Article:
A group of nine House Democrats hailing from the caucus’ more moderate wing is threatening to block a $3.5 trillion spending package until their chamber first passes the Senate’s bipartisan infrastructure bill. The move jeopardizes the White House’s ambitious economic agenda and runs counter to the desires of both the president and congressional leadership.
The lawmakers announced their pledge in a letter addressed to House Speaker Nancy Pelosi on Friday, which was first reported by the New York Times. “The country is clamoring for infrastructure investment and commonsense, bipartisan solutions,” it reads. “We will not consider voting for a budget resolution until the bipartisan Infrastructure Investment and Jobs Act passes the House and is signed into law.” Nearly all of the nine signatories, led by Rep. Josh Gottheimer (D-N.J.), are members of the business-friendly Blue Dog Coalition.
The centrist lawmakers’ demands run counter to the order of operations Pelosi proposed when the White House announced the bipartisan infrastructure deal in June. The House, Pelosi said, would not take up that package until it passed the reconciliation bill, a measure that could pass the Senate with just Democratic votes and has become the center for the party’s wider ambitions such as climate change legislation and child care. She reiterated that plan during a call with fellow Democratic lawmakers on Wednesday. “I’m not freelancing,” Pelosi said, according to Politico. “This is the consensus of the caucus.”
The strategy appeased progressive House members, who had threatened their own rebellion if Democrats did not put their full weight behind a party-line spending bill, one that stands as the party’s last chance to make good on their ambitions before the 2022 midterms. But it also preserved much of the White House’s $4 trillion economic vision that aimed to invest not only in jobs and infrastructure but also social programs such as child care and education. To pass both together, in order words, is to ensure Biden’s legacy.
The letter makes formal a brewing tension that has upended House Democrats’ familiar intraparty dynamics. After the party regained control of the House in the 2018 midterms, Pelosi found herself at odds with her caucus’s left-flank, helmed by Rep. Alexandria Ocasio-Cortez (N.Y.) and her fellow “Squad” members. Democrats had owed their newfound majority to moderate lawmakers who flipped House seats, and much of House Democrats’ agenda during those two years hewed close to the center.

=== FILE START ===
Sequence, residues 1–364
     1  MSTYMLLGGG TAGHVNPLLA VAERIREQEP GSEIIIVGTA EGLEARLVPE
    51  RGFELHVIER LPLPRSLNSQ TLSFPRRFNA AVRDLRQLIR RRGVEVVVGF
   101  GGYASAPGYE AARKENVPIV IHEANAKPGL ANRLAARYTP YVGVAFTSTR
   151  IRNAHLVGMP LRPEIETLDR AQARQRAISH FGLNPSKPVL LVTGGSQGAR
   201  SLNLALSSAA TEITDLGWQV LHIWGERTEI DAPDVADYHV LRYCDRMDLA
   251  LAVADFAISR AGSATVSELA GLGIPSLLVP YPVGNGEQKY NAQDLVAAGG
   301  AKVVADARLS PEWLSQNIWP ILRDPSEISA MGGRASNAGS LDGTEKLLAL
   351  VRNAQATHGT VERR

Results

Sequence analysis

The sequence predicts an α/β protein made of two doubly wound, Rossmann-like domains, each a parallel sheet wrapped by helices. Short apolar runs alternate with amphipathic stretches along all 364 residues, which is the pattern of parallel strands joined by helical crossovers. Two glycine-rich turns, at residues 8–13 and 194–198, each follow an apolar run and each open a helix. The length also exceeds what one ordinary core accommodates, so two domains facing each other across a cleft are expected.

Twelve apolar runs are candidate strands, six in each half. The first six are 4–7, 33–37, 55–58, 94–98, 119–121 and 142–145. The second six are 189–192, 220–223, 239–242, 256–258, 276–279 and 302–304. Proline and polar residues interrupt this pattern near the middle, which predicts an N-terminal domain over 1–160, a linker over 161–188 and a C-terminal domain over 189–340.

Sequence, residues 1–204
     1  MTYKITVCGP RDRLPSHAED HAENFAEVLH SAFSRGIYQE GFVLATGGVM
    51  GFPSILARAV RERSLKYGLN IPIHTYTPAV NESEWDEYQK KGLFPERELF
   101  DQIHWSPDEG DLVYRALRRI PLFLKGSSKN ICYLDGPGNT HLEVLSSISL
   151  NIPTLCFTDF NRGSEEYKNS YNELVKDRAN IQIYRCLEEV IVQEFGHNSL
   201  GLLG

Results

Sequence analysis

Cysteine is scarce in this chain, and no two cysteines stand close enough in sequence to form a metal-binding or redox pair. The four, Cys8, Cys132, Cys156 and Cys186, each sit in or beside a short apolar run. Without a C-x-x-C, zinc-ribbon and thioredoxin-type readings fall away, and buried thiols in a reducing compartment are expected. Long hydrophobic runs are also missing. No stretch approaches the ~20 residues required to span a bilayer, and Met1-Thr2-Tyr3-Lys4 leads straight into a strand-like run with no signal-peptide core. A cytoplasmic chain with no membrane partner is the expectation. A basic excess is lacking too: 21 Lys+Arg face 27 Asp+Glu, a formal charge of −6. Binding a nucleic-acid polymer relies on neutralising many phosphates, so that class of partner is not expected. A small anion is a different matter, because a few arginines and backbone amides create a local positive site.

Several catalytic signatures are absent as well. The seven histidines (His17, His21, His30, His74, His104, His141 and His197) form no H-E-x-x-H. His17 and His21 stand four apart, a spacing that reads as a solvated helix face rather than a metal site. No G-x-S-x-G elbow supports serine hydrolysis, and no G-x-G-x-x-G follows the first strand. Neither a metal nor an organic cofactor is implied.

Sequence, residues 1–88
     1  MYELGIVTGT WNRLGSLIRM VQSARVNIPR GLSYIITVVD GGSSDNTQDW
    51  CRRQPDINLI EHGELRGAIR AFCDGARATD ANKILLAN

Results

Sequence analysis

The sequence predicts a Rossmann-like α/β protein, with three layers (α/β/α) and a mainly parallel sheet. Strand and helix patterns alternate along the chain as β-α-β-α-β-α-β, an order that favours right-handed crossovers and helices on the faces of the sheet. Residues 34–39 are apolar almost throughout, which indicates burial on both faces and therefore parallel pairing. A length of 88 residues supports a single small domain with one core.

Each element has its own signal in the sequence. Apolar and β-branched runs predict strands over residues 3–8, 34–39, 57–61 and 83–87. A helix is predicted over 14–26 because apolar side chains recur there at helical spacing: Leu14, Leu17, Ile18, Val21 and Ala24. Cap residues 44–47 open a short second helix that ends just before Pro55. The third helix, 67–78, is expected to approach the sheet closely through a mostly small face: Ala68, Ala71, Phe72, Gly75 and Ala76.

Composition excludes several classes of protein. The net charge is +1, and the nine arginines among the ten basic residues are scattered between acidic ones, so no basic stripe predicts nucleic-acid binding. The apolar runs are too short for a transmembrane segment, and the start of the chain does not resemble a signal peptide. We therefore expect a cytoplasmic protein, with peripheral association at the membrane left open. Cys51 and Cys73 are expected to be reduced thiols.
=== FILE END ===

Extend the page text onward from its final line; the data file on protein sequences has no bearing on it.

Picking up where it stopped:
But that was before Biden, who won the Democratic primary with a centrist pitch, faced a once-in-a-generation pandemic and absorbed the popular line items of progressives’ wish lists into his platform as the party’s nominee. The White House formalized those ideas into a pair of economic proposals, the American Jobs and Families Plans. The line items with bipartisan appeal found their way into the infrastructure deal. The rest were sorted into the $3.5 trillion economic package—which also includes tax hikes on the rich.
The sorts of programs and revenue raisers in the budget bill are typically anathemas to the business-friendly Democrats who signed Friday’s letter. The letter, notably, makes no promises that the signers will vote for the $3.5 trillion budget package, even if their demands to take up the infrastructure bill are met.
As I reported earlier this week, despite his image as a centrist dealmaker, it’s actually been the more moderate members of his party who have proven to be a thorn in Biden’s side this year. “On matters of style, Biden sees himself in the moderates,” I wrote, “preferring across-the-aisle dealmaking to partisan warfare. But he’s unwilling to put that style ahead of substance in pursuit of his legacy—a legacy that, for now, is more closely aligned with his party’s left flank.”
Pelosi has led her caucus with an iron fist, bending the ideologically sprawling coalition into submission in service of proving Democrats can get things done. She’s done so by cutting deals—and by cutting down vocal outliers on an as-needed basis. “That’s like, five people,” she said scoffing at the Squad’s influence in 2019. Whether Pelosi will reprise that dismissiveness for her caucus’s right flank is yet to be seen.